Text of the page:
One of the things that we are very happy about (you might say proud, except pride is a vice and we don’t want to advertise that we are “proud”.. but I suppose we are.. really) is our retention rate in the Electrical and Computer Engineering (ECE) department. Over the last several years we’ve had the highest retention rate of any department on campus - and that’s in a major that nationally is among the lowest in retention rates.
There’s an interesting article in the New York Times titled “Why Students Leave the Engineering Track” today and it offers several possible reasons. Among them are the lower grades typically earned in the difficult science and engineering classes. Perhaps it’s the higher workload relative to other majors? Maybe it’s the lack of role models, mentors, and other encouragement?
The chart above is from a study cited by the blog in the NYT, and it shows pretty clearly that the retention rate for engineering majors is not that good.
It’s likely that all of these factors play a role, but my experience here tells me there are three major reasons why students change majors out of engineering. There are of course as many possibilities as there are personalities, but here are the three I’ve seen most frequently.
1. Engineering majors have less free time than their peers in other majors. This becomes a discouragement as friends in the dorm and student apartments are organizing social activities and the engineers are ‘left out’ if they choose to keep working on “Maher’s circuit problems”. Eventually some students simply decide they don’t want to miss those social opportunities and they do less work by changing majors. Some, however, do less work first and this leads to the second reason.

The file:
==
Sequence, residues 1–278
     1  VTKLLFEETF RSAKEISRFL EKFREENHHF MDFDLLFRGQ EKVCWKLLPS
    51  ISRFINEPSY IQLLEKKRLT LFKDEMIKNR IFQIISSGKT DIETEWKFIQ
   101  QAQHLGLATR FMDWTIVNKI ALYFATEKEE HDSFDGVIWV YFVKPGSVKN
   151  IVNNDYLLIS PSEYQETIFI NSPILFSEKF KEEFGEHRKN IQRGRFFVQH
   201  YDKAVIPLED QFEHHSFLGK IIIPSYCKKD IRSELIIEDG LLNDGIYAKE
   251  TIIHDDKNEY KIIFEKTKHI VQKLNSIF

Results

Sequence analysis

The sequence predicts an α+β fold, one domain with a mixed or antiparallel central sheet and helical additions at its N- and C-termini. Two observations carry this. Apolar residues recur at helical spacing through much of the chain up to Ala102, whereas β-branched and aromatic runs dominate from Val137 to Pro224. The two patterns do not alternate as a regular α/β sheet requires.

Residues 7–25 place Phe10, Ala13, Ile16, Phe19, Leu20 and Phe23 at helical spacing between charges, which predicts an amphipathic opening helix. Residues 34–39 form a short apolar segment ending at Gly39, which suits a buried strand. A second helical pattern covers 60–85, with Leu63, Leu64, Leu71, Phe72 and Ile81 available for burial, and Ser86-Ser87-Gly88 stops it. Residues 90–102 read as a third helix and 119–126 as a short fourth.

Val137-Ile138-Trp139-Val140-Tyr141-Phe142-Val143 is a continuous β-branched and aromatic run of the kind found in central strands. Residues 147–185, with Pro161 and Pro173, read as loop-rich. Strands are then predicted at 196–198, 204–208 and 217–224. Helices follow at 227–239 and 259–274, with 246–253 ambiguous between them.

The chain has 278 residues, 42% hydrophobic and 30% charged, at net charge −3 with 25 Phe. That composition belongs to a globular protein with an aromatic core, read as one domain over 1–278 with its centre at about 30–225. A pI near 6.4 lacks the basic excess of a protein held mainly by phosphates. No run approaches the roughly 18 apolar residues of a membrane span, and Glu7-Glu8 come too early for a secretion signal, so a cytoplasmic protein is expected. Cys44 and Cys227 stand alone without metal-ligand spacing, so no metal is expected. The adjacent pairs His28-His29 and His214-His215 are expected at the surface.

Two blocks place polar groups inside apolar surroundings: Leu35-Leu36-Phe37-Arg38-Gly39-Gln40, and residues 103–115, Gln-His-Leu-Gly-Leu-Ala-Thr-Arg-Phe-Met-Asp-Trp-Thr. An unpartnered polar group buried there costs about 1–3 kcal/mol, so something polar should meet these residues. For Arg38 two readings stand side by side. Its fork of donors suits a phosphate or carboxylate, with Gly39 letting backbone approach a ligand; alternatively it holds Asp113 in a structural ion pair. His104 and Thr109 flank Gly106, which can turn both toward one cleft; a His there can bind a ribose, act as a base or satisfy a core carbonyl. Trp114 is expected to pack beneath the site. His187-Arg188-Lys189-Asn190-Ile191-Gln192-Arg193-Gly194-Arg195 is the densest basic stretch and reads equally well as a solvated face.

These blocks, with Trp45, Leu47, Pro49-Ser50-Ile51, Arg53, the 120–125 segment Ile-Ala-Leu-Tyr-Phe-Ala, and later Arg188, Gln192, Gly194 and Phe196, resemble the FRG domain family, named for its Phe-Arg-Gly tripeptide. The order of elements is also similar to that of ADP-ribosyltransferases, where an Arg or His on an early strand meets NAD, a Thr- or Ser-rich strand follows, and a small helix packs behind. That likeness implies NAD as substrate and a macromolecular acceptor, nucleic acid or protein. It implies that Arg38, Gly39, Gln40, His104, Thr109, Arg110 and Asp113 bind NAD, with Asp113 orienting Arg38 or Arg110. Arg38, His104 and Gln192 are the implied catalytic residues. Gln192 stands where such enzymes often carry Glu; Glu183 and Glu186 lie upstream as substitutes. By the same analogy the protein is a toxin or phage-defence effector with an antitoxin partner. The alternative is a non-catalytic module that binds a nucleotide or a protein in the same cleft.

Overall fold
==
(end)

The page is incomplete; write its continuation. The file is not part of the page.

2. Poor grades resulting not from lack of ability, but from lack of time given to the task. Eventually some students spend less time on homework and outside-of-class preparation. This leads to poor grade performance on homework, projects, and most deadly of all - exams. Many of these students are strong academic performers and have always achieved at a high level, many without having to work as hard as their peers. Will they change their strategy when faced with stronger challenges? Some do not. When the weaker grades result they decide they don’t want to do “this” (engineering) any more and change majors.
3. Discovery that they really don’t like the kind of work engineers do. There is another group that finds out they’d rather do pure math, or computer science, or marketing. These students thought they’d like engineering, but when they were able to start it turned out they really didn’t enjoy it all.
All three reasons (and others of course) probably work together in different amounts for all students.
So… if that’s the national trend, what are we doing in the OC ECE department that’s bucking that trend? Like the causes I listed above, the counter-weights are multiple and work together. They involve faculty committed to encouraging students and supporting them (without reducing the workload), fostering strong relationships between students from the freshmen year forward, and engaging students in interesting projects from the freshmen year forward… I’ll write more about this again in the next couple of days!Wednesday, December 14, 2011